Always recognized as a gifted songwriter, Jackson has no qualms with taking a stab at the work of other writers when onstage. This night’s covers included a melodic reading of “Rain” by The Beatles (complete with superb, layered backing vocals from his band members) and a nod to a jazz-rock outfit Steely Dan (a stunning version of “King of the World”).
Once labeled an angry, cantankerous member of the new wave era, Jackson has mellowed over the years, but he hasn’t skimped on wit or wisdom in the process. Offering brief, engaging anecdotes in between songs, Jackson’s most poignant words came when he contemplated the need to remain grounded.
“It’s important to keep a sense of humor… or else you’re fucked,” he joked. The message seemed to come from someone who has lived and learned that theory better than most.
“We appreciate your support… especially after all these bloody years,” Jackson also announced and the message seemed heartfelt and authentic. But, truth be told, it’s hard not to support someone who has never been afraid to take musical chances and explore his fascination with the art of songwriting .
Winding up the night with even more proof of his worth and value, the main set found Jackson hopscotching through the slick, jazz-inspired “You Can't Get What You Want (Till You Know What You Want),” the snarky, yet still topical, “Sunday Papers” and the new wave classic “I’m The Man.”
The encore was absolutely clever. Jackson’s biggest hit, “Steppin’ Out” received a hell of an introduction thandat found him describing how the song was originally written and recorded. In total stage shtick and showmanship, Jackson had a stagehand bring the original drum machine he used to record the song (a Korg Rhythm 55 from 1979 for those keeping score) onstage while wearing surgical gloves. Making light of the fact that the infectious pop gem is hardly ever performed in its original arrangement, Jackson made it clear that this straight reading was a rarity since the song typically gets more of a jazz or ballad treatment in concert. Met with unmatched approval, the song sounded as fresh and buoyant as ever and drove audience members to leap from their seats and make use of the aisles in the theater to dance.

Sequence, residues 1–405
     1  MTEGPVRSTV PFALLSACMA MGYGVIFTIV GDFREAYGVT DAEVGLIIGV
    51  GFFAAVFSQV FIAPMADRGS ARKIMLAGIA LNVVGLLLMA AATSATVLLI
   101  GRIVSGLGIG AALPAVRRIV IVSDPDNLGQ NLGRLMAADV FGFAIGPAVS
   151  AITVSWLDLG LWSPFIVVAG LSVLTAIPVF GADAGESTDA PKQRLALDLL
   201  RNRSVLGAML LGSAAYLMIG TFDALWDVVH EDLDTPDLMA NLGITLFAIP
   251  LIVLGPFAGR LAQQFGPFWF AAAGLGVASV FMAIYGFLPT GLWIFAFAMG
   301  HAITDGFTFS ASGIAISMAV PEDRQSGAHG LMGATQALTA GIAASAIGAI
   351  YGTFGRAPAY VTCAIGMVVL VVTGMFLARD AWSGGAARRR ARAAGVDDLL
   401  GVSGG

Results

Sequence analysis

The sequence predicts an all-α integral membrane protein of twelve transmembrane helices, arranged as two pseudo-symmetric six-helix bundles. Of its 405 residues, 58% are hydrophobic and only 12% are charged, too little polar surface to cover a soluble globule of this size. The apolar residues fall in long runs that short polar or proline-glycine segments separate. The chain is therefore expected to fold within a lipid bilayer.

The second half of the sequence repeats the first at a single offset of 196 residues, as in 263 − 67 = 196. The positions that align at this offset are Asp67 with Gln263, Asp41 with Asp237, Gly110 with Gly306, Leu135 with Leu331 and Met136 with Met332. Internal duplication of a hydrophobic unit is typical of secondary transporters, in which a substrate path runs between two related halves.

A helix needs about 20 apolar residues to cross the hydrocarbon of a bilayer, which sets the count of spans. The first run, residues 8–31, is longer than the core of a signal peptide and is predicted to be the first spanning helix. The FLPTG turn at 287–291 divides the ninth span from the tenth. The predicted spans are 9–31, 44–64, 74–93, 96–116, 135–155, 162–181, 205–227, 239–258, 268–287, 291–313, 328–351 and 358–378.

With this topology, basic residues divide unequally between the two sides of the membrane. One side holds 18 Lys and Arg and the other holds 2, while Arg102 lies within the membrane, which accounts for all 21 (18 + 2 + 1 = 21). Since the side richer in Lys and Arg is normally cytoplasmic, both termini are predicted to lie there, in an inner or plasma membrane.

Ending like he opened, a reprise of “Alchemy” brought the evening to a close and provided a sense of completion.
Fans got what they came for: a truly eccentric program devised by a virtual musical trailblazer who has never been afraid to step outside any musical confines. The longtime followers saw this night as another reason why Jackson has remained one of the most inspiring and idiosyncratic artists of the last four decades. Those who were experiencing Jackson for the first time got proof of how skillful and deft a live performer his is. But undoubtedly, both sects will wind up becoming return patrons if we’re lucky enough to have Joe Jackson grace another local concert stage anytime soon.
One More Time
Is She Really Going Out With Him?
Big Black Cloud
It’s Different For Girls (solo piano)
King of the World [Steely Dan]
You Can’t Get What You Want (Till You Know What You Want)
Ode to Joy
I’m The Man
Got The Time